Ecological balance is one of the three pillars of sustainable development and without it, business cannot function. All companies both impact and depend on ecosystems, and the critical provisioning services (freshwater, fiber, food) and regulatory services (climate regulation, flood control, water purification, waste treatment) they provide.
The UN Millennium Ecosystem Assessment – a four-year appraisal of the Earth’s ecosystems completed in 2005 – found that 60% of the world’s key ecosystem services have been degraded over the past 50 years due to, for example, land use change, resource over exploitation, pollution, invasive species and climate change. Many of the world’s ecosystems are in decline, and this poses significant challenges to business.
More recently, The Economics of Ecosystems and Biodiversity (TEEB), a global study on the costs of biodiversity loss and ecosystem degradation, estimated the world is losing natural capital worth between Euro 1.35 trillion and 3.10 trillion every year, based on deforestation only. The WBCSD contributed to the TEEB initiative, including editing the TEEB for Business report and continues to be engage in next steps.
Ecosystem change presents both opportunities and risks to companies (as well as to their suppliers, customers and investors), such as operational (e.g. increased scarcity and cost of raw materials), regulatory and legal (e.g. public policies such as taxes and moratoria on extractive activities), reputational (e.g. relationships and image from media and NGOs), market and product (e.g. consumer preferences) and financial (e.g. availability of capital).
The WBCSD has been working on ecosystem issues for 15 years and a formal Focus Area on Ecosystems was established in 2007. Its current aims are to:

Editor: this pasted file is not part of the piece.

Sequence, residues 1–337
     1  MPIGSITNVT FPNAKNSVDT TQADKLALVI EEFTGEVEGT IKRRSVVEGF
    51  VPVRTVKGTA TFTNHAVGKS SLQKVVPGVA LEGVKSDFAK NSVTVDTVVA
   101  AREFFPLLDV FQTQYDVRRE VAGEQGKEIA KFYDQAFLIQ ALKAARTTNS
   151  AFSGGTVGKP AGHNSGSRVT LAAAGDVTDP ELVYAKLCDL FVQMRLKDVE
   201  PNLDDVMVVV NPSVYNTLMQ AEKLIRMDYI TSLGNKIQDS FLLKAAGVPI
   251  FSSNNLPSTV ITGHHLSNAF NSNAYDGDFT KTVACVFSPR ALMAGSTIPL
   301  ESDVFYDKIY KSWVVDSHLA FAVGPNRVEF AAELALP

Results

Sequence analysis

Anchor the WBCSD as the preferred business partner and voice on ecosystems while maintaining a number of strong partnerships with key NGOs and conservation organizations, such as World Resources Institute (WRI) and the International Union for Conservation of Nature (IUCN) with which we have a Memorandum of Understanding;
Develop and support implementation of corporate decision support tools to identify and respond to ecosystem risks and opportunities, such as the Corporate Ecosystem Services Review (ESR), the Guide to Corporate Ecosystem Valuation (CEV) and the Business Ecosystems Training (BET) program;
Engage in the global biodiversity and ecosystem policy debate (primarily through OECD, CBD and UNEP), and advocate a set of clear and consistent public policy recommendations, for example at key advocacy events.
Companies must anticipate that ecosystems will be more consistently incorporated into public policies, regulations, and political decisions. The UN Convention on Biological Diversity (CBD) meeting held in Nagoya, Japan in October 2010 agreed that countries should adapt their National Biodiversity Strategies and Action Plans by 2012 to support implementation of the CBD’s new 2020 biodiversity targets and other commitments. This will put strong demands on business to measure and report their actions to conserve as well as sustainably use and share the benefits of ecosystems and biodiversity. Ecosystem values will also be increasingly considered by the finance sector and business-to-business customers as they assess the biodiversity and ecosystem-related risks and opportunities of investments and supply chains.